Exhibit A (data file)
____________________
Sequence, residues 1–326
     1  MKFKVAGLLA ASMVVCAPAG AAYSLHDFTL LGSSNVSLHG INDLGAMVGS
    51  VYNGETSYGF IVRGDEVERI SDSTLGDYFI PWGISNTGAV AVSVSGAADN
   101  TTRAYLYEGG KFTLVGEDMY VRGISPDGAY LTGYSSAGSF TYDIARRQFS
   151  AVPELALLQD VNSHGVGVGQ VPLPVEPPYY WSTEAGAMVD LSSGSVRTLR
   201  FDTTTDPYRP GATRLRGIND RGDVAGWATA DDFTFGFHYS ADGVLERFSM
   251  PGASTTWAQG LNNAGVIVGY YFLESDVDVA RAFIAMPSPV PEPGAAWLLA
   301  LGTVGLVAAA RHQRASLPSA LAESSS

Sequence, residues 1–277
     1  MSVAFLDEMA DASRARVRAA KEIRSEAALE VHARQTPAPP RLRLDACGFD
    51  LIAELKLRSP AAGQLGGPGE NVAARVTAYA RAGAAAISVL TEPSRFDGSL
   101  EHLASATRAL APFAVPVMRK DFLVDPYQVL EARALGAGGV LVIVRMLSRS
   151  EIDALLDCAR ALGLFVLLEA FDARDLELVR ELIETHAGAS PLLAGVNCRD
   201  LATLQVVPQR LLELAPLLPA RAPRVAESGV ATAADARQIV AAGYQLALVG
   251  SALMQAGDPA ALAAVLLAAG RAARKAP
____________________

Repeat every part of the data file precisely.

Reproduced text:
Sequence, residues 1–326
     1  MKFKVAGLLA ASMVVCAPAG AAYSLHDFTL LGSSNVSLHG INDLGAMVGS
    51  VYNGETSYGF IVRGDEVERI SDSTLGDYFI PWGISNTGAV AVSVSGAADN
   101  TTRAYLYEGG KFTLVGEDMY VRGISPDGAY LTGYSSAGSF TYDIARRQFS
   151  AVPELALLQD VNSHGVGVGQ VPLPVEPPYY WSTEAGAMVD LSSGSVRTLR
   201  FDTTTDPYRP GATRLRGIND RGDVAGWATA DDFTFGFHYS ADGVLERFSM
   251  PGASTTWAQG LNNAGVIVGY YFLESDVDVA RAFIAMPSPV PEPGAAWLLA
   301  LGTVGLVAAA RHQRASLPSA LAESSS

Sequence, residues 1–277
     1  MSVAFLDEMA DASRARVRAA KEIRSEAALE VHARQTPAPP RLRLDACGFD
    51  LIAELKLRSP AAGQLGGPGE NVAARVTAYA RAGAAAISVL TEPSRFDGSL
   101  EHLASATRAL APFAVPVMRK DFLVDPYQVL EARALGAGGV LVIVRMLSRS
   151  EIDALLDCAR ALGLFVLLEA FDARDLELVR ELIETHAGAS PLLAGVNCRD
   201  LATLQVVPQR LLELAPLLPA RAPRVAESGV ATAADARQIV AAGYQLALVG
   251  SALMQAGDPA ALAAVLLAAG RAARKAP